firms decide to invest abroad as well as the host country’s motive to attract FDI. The theory of
spillover effects and transmission channels, through which spillover effects might arise, are
identified. Earlier empirical research will be clarified and different outcomes in earlier research
are explicated. Finally, public policies, which are sometimes used to maximize spillover effects,
Definition of FDI:-
A foreign investment could be a direct or portfolio investment. A direct investment is an
acquisition or construction of physical capital by a firm from one (source) country in another
(host) country. The FDI is an investment that involves a long- term relationship and control by a
resident entity of one country, in a firm located in a country other than that of the investing firm.
There is more involved in the direct investment than only money capital, for instance, managerial
or technical guidance. FDI is generally defined as resident firms with at least 10% of foreign
There are numerous ways a multinational can enter a foreign market. Different types of FDI,
that involve different levels of control and risks, are the following. Green field investment is
when a company establishes a subsidiary in a new country and starts its own production.
Greenfield investment involves construction of a new plant, rather than the purchase of an
existing plant or firm. This kind of investment involves large risk and set up costs since the
foreign firm most likely does not have an existing distribution network, local management skills
or enough legislation knowledge. But on the other hand the foreign firm has more control.
Brown field investment is FDI that involves the purchase of an existing plant or firm, rather than
construction of a new plant. Joint venture is an equity and management partnership between the
foreign firm and a local entity in the host market. Many host countries encourage the formation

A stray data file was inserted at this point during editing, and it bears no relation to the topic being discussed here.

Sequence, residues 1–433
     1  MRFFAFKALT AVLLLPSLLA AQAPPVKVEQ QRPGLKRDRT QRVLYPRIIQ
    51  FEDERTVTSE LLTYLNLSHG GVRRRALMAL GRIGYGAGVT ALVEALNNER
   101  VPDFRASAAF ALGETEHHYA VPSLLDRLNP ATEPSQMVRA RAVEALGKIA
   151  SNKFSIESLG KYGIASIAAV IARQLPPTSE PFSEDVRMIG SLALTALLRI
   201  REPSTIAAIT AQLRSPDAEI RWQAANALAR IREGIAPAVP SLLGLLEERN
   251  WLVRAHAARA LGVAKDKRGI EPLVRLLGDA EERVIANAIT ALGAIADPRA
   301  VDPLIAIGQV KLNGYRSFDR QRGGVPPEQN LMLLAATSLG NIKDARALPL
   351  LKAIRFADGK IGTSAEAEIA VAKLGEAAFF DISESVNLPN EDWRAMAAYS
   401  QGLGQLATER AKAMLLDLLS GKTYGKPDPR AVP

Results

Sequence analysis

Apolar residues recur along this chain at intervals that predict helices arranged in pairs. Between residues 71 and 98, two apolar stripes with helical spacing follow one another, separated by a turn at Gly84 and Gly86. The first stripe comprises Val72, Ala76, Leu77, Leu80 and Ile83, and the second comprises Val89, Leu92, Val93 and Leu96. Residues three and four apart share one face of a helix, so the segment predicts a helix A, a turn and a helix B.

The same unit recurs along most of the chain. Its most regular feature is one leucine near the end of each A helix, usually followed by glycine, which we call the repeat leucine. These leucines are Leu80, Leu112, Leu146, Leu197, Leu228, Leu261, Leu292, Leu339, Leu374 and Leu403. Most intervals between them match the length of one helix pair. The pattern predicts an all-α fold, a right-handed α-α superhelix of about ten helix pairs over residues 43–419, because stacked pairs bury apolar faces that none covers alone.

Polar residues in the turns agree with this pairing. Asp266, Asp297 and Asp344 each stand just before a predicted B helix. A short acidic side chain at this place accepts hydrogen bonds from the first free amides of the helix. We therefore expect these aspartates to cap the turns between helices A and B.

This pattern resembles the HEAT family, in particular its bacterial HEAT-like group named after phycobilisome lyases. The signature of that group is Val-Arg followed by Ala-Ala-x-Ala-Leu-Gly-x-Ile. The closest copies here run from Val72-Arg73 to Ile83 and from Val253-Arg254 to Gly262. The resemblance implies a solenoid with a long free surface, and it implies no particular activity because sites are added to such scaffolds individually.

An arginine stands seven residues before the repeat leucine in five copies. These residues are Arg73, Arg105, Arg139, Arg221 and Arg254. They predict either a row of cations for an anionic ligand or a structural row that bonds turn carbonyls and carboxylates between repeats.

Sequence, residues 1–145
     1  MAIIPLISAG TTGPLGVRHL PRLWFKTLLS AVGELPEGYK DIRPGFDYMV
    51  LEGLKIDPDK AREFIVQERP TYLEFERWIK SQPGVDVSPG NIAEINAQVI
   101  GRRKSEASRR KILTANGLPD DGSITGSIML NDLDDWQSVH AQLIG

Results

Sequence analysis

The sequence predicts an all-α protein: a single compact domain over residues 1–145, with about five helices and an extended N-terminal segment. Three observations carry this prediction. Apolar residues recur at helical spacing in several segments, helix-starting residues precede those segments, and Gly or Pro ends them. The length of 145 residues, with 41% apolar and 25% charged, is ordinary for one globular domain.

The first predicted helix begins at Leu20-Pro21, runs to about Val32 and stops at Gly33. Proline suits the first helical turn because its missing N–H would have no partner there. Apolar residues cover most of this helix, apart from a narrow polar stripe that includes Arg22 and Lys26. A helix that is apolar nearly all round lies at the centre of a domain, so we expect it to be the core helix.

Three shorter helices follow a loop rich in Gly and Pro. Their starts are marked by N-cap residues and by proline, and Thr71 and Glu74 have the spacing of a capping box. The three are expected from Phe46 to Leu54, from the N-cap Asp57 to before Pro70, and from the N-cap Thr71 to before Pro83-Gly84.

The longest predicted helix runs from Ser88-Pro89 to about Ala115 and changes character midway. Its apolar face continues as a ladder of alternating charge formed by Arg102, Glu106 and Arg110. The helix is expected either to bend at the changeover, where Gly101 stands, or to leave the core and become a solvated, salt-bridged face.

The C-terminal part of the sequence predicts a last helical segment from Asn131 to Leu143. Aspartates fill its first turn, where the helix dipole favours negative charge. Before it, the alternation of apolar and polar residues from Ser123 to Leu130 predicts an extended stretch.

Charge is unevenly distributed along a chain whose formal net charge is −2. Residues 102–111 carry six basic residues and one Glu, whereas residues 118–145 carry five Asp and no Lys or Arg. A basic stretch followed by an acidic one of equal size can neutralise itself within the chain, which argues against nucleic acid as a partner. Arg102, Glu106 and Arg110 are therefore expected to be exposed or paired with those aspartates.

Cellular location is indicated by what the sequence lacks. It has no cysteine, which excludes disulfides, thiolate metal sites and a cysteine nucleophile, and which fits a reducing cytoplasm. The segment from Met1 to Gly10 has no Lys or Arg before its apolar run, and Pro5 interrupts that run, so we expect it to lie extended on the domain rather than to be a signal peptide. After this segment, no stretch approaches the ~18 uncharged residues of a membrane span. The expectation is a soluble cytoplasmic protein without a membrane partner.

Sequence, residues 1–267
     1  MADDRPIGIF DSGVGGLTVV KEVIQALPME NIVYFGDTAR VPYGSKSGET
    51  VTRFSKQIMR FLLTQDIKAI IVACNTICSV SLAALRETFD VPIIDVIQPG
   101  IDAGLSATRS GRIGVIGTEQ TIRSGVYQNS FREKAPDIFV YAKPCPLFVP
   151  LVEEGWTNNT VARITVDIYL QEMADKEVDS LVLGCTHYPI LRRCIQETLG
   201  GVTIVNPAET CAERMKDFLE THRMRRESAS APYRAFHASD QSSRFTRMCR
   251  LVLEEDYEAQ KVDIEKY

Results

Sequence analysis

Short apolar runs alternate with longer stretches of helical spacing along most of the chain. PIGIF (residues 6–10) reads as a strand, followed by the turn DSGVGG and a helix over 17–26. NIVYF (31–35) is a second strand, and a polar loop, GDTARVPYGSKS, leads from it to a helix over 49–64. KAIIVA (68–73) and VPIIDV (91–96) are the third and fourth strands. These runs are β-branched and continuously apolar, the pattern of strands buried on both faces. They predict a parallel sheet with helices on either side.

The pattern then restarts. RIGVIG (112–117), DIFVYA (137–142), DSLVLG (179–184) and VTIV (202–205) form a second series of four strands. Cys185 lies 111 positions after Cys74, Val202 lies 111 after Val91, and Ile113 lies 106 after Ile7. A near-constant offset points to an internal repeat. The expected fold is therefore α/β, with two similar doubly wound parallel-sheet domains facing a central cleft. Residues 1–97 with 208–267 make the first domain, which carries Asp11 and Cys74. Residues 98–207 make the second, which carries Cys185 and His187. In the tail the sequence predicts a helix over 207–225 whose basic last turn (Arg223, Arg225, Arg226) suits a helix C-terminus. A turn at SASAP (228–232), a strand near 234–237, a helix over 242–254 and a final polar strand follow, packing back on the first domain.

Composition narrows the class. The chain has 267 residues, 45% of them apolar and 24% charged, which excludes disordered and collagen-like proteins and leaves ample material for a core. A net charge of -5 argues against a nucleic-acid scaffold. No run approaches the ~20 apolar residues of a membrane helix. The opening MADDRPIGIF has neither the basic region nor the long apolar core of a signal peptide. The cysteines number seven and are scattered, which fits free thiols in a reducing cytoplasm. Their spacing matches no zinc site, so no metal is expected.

of joint ventures, as a way to build international cooperation, and to secure technology transfer.
(Typically, the foreign partner contributes financial resources, technology or products and the
local partner provides the skills and knowledge required for managing a firm in the host country.
Factors behind FDI- why firms decide to invest abroad:-
Foreign direct investment has accelerated remarkably in the last decades and many of the major
corporations of most developed countries have taken their production of goods to many diverse
parts of the world. Investments are most likely to take place where location and comparative
advantages are present and FDI will presumably be concentrated to the regions where the
industry in question is most efficiently performed. In order to compete in foreign markets,
multinational companies take advantage of their firm- specific resources, such as technological
and marketing expertise There are several reasons for a firm to undertake foreign direct
investment. FDI can be market- seeking (horizontal) or resource- seeking (vertical) FDI. Market-
seeking FDI takes place when a MNC invests because of local market size, prospects for market
growth, transportation costs and the need to be close to potential customers. The aim for the
MNC is often to reduce costs by avoiding tariff and transportation costs and also to be able to
meet the local markets’ need better than through export. Resource- seeking FDI seeks
comparative advantages such as access to raw material, cheap input and low cost of labor.
Furthermore, FDI is a way for firms to avoid trade barriers in order to serve foreign markets and